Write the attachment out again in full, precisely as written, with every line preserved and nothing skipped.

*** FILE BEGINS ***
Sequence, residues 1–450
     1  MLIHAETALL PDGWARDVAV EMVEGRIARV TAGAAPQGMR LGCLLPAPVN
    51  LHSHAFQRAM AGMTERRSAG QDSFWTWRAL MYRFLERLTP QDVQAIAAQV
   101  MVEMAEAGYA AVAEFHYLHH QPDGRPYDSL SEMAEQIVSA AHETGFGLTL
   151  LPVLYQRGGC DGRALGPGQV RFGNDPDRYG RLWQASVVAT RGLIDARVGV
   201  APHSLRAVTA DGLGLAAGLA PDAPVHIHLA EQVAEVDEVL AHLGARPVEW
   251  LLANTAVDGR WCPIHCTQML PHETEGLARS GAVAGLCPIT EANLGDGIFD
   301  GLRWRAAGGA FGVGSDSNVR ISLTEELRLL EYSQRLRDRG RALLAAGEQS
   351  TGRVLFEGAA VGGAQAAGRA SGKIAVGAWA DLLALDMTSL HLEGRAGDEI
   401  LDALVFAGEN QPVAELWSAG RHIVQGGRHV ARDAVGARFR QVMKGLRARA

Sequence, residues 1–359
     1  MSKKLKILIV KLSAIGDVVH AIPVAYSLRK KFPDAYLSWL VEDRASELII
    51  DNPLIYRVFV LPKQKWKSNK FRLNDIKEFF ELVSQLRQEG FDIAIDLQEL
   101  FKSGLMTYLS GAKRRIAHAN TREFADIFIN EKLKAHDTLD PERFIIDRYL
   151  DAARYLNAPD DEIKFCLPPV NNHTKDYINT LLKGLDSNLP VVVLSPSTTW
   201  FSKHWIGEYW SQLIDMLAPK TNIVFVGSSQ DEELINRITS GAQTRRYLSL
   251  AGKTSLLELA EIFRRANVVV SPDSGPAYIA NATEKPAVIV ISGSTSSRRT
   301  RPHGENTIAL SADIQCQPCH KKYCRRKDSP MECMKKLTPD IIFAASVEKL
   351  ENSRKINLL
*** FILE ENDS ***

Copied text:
Sequence, residues 1–450
     1  MLIHAETALL PDGWARDVAV EMVEGRIARV TAGAAPQGMR LGCLLPAPVN
    51  LHSHAFQRAM AGMTERRSAG QDSFWTWRAL MYRFLERLTP QDVQAIAAQV
   101  MVEMAEAGYA AVAEFHYLHH QPDGRPYDSL SEMAEQIVSA AHETGFGLTL
   151  LPVLYQRGGC DGRALGPGQV RFGNDPDRYG RLWQASVVAT RGLIDARVGV
   201  APHSLRAVTA DGLGLAAGLA PDAPVHIHLA EQVAEVDEVL AHLGARPVEW
   251  LLANTAVDGR WCPIHCTQML PHETEGLARS GAVAGLCPIT EANLGDGIFD
   301  GLRWRAAGGA FGVGSDSNVR ISLTEELRLL EYSQRLRDRG RALLAAGEQS
   351  TGRVLFEGAA VGGAQAAGRA SGKIAVGAWA DLLALDMTSL HLEGRAGDEI
   401  LDALVFAGEN QPVAELWSAG RHIVQGGRHV ARDAVGARFR QVMKGLRARA

Sequence, residues 1–359
     1  MSKKLKILIV KLSAIGDVVH AIPVAYSLRK KFPDAYLSWL VEDRASELII
    51  DNPLIYRVFV LPKQKWKSNK FRLNDIKEFF ELVSQLRQEG FDIAIDLQEL
   101  FKSGLMTYLS GAKRRIAHAN TREFADIFIN EKLKAHDTLD PERFIIDRYL
   151  DAARYLNAPD DEIKFCLPPV NNHTKDYINT LLKGLDSNLP VVVLSPSTTW
   201  FSKHWIGEYW SQLIDMLAPK TNIVFVGSSQ DEELINRITS GAQTRRYLSL
   251  AGKTSLLELA EIFRRANVVV SPDSGPAYIA NATEKPAVIV ISGSTSSRRT
   301  RPHGENTIAL SADIQCQPCH KKYCRRKDSP MECMKKLTPD IIFAASVEKL
   351  ENSRKINLL